As soon as war had been declared in 1914, the FA and the SFA agreed to abandon international matches; the SFA also decided to scrap the Scottish Cup competition. Players’ wages were initially reduced by 25% and later fixed at £1 per week. No wages were paid during the close season and footballers were expected to take their place alongside other workers in the munition factories and shipyards. League matches were confined to Saturdays and holidays, while players could only take part if they had worked the rest of the week.

The war was horrendous and took an enormous toll of men but ironically, during this period, Celtic played some lovely football and set some records, like scoring 116 goals in season 1915/16 or losing only 14 in the league campaign of 1913/14.

On 13th November 1915, Celtic lost 0-2 to Hearts at Tynecastle. They then went on a run of 62 league matches unbeaten, a run which came to an end on this day in 1917, when Celtic again lost 0-2, this time to Kilmarnock at Celtic Park.

NB Celtic also played their part in the promotion of the war effort. Appeals were made at half-time during matches for recruits; the club sent footballs to army recruits in training and soldiers at the front; and matches for War Relief Funds, initially for Belgian refugees, were played at Hampden Park in 1915, 1916 and 1917, when Celtic, as League Champions, played against a select team representing the Rest of the League before large crowds.


Celtic, like many other families, had their share of war dead. Peter Johnstone ( Arras 1917), Donny McLeod (Flanders 1917), Bobby Craig (Boulogne 1918) and Leighton Roose ( The Somme 1916) all gave their lives for their country; while Willie Angus, a Lance-Corporal in the Highland Light Infantry, who had been on Celtic’s books before the war, won the Victoria Cross for rescuing his Commanding Officer from no-man’s-land near Givenchy.

If You Know The History – 18th April 1936 Celtic 6 Ayr United 0 League

Thanks to Celtic winning the all-British tournament – the Empire Exhibition Trophy – in 1938, supporters tend to over-glamorise the successes of the club in the 1930s. The truth of the matter is that, like the decade of the 1920s, Celtic once again played second fiddle to Rangers, the overall tally being;

League; Celtic 2 Rangers 6 Scottish Cup ; Celtic 3 Rangers 4

Glasgow Cup; Celtic 2 Rangers 7 Charity Cup ; Celtic 3 Rangers 6

One of those League Championship wins came in season 1935/36, when centre-forward Jimmy McGrory was on the rampage. By the middle of April, he had scored 47 goals in the league, with two games left. On this day in 1936, relegation-haunted Ayr United arrived at Celtic Park for the penultimate match of the season and found Celtic in irrepressible form, with McGrory knocking in a hat-trick – his 7th of the season – to give him a tally of 50 for the season.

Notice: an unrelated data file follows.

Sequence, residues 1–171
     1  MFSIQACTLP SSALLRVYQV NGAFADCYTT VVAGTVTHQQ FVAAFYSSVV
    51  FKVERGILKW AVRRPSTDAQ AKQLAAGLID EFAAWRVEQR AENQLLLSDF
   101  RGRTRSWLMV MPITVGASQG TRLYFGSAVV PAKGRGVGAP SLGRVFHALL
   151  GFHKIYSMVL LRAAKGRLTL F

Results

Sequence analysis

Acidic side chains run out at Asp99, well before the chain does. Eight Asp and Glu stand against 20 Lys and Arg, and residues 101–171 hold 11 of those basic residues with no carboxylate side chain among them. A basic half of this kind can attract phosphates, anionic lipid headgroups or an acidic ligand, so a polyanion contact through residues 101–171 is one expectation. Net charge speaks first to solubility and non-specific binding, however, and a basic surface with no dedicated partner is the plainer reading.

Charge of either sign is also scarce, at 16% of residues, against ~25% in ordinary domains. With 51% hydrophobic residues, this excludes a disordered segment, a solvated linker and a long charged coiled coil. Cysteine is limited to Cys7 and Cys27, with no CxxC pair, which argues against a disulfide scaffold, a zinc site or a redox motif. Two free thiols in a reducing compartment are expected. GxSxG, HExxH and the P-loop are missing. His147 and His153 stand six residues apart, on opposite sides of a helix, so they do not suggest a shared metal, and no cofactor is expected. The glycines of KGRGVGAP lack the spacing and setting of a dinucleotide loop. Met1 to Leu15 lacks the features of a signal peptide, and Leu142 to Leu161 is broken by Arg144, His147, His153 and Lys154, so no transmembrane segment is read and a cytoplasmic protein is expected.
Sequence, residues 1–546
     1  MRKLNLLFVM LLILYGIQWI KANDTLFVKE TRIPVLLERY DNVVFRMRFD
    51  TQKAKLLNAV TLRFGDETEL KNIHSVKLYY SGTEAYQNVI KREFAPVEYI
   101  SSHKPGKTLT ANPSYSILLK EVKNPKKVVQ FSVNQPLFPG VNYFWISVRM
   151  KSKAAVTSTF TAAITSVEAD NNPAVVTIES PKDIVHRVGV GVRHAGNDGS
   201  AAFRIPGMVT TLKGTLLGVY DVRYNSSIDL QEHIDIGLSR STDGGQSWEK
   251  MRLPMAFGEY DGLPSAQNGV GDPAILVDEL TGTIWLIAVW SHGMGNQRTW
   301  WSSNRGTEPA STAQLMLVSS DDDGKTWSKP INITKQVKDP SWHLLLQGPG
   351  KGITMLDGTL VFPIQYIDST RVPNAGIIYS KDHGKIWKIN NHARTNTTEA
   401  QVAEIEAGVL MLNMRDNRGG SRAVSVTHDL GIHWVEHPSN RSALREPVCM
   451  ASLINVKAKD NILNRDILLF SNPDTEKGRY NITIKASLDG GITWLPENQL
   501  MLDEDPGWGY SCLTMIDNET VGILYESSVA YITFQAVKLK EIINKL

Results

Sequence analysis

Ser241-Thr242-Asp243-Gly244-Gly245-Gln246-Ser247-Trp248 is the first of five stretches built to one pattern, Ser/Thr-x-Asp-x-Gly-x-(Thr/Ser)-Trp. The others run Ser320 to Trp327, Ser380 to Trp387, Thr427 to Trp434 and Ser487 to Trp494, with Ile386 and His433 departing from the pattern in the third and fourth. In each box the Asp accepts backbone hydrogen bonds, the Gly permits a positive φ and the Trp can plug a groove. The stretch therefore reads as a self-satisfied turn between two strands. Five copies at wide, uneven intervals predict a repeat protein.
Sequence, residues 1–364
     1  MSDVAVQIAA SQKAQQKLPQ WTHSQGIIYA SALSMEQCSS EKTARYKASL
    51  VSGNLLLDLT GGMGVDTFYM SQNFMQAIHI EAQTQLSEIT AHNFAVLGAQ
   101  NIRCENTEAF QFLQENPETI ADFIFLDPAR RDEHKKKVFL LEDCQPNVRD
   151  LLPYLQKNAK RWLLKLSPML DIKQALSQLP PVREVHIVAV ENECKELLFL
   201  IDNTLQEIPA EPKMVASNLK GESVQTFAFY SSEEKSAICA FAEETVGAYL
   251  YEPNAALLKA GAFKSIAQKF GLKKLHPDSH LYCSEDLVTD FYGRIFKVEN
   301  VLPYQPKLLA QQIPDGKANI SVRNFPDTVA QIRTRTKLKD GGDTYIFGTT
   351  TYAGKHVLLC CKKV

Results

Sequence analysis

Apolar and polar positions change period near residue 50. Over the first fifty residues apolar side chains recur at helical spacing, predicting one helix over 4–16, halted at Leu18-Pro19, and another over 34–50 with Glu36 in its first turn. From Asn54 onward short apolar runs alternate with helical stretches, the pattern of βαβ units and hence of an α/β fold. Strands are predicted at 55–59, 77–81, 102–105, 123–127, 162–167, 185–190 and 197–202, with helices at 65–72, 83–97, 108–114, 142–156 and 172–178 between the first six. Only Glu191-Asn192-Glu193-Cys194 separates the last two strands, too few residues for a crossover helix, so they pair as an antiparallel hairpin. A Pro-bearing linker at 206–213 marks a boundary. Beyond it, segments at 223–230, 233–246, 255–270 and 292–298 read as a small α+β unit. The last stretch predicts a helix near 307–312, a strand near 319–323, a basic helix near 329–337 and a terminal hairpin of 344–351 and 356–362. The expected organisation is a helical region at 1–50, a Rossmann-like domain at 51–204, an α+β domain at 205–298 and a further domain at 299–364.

Unfortunately, McGrory also picked up a nasty knee injury, which kept him out of the final match of the season, against Partick Thistle. This meant that he missed the chance to equal, or even overtake, the Scottish record of 52 goals in a league season, scored by Willie McFadyen of Motherwell when the Steelmen won the First Division title in 1931/32.

NB1. In that Ayr match, Celtic were also awarded a penalty, which McGrory stepped forward to take and, in the words of Willie Maley, “almost hit the corner flag with it”.

NB2. The league title of 1935/36 was Celtic’s first of the decade, the previous ones being won by Motherwell (1) and Rangers (4). Now, all through these years Jimmy McGrory had been knocking in the goals, so what had made the difference in season 1935/36?

The answer lay in the defence. After the alteration of the offside law in 1925, most sides had changed the role of the centre-half from the attacker in the ‘2-3-5’ formation, to the ‘stopper’ of the new ‘W/M’ system. Celtic, though, had been reluctant to change with the rest, which meant that they were losing too many goals.


In April 1945, Willie Maley signed a true ‘stopper’ centre-half, Willie Lyon, from Queen’s Park. He proved to be just what the team needed, giving them a stability at the back and organising the rest of the defence accordingly. The result was clear the following season; in winning the league, Celtic scored 115 goals in 38 matches while losing only 33.

If You Know The History – 15th April 1911 Celtic 2 Hamilton 0 Scottish Cup Final Replay

In the early days of the 20th century, the Scottish Cup was the competition most appreciated by supporters, so when Celtic reached the final again in 1911 – after having won the trophy in 1904, 1907 and 1908 – their fans were really pleased. The road to the final had not been too comfortable, with few goals scored, even though all the matches were at home; St Mirren (2-0; 5,000), Galston (1-0; 5,000), Clyde in the quarter-final ( 1-0; 5,000) and Aberdeen in the semi-final (1-0; 48,000).

45,000 turned up for the final, held at Ibrox on 8th April 1911, when the Celtic team was Adams, McNair, Dodds, Young, McAteer, Hay, Kivlichan, McMenemy, Quinn, Hastie and Hamilton. On a dry afternoon and a hard pitch, Celtic gave an insipid display, with the crowd probably happy to hear the final whistle. As the underdogs, Hamilton were quite pleased with the 0-0 draw, knowing that they would get another chance in the replay, with also more money coming their way.

That replay, which took place on this day in 1911, a Wednesday, could not have been played in worse conditions, a strong wind and heavy rain making for a very slippery pitch and cutting the attendance to 25,000. Manager Willie Maley had re-shuffled his forward line, dropping John Hastie, moving Willie Kivlichan to inside-right and bringing in Andy McAtee on the right wing.

Losing the toss, Celtic started against the elements and immediately came under severe pressure from the Accies but the defence coped well and Davie Adams only had a couple of saves to make. In the second half, with the wind now behind them, Celtic began to take control, although the forwards, apart from Willie Kivlichan, were not at their best. However, the repeated pressure told on the Hamilton defence, the chances arrived and Celtic scored from two of them – thanks to centre-forward Jimmy Quinn and centre-half Tommy McAtee – to take the Scottish Cup back to Celtic Park for the 7th time.



NB1. Willie Kivlichan had played for Rangers from 1905 until 1907 before moving across the city to Celtic Park, where his career covered the years from 1907 to 1911 – with 22 goals in 92 appearances – before he went south to Bradford. Willie also graduated M.B. CH.B. in 1917, later in the 1920s becoming Celtic’s club doctor; he was in attendance on that tragic day of 5th September 1931 when John Thomson had his fatal accident.

NB2. The small village of Croy in central Scotland fairly played its part that afternoon, as three of the winning Celtic team – Jimmy Quinn, Tommy McAteer and Andy McAtee – all lived there.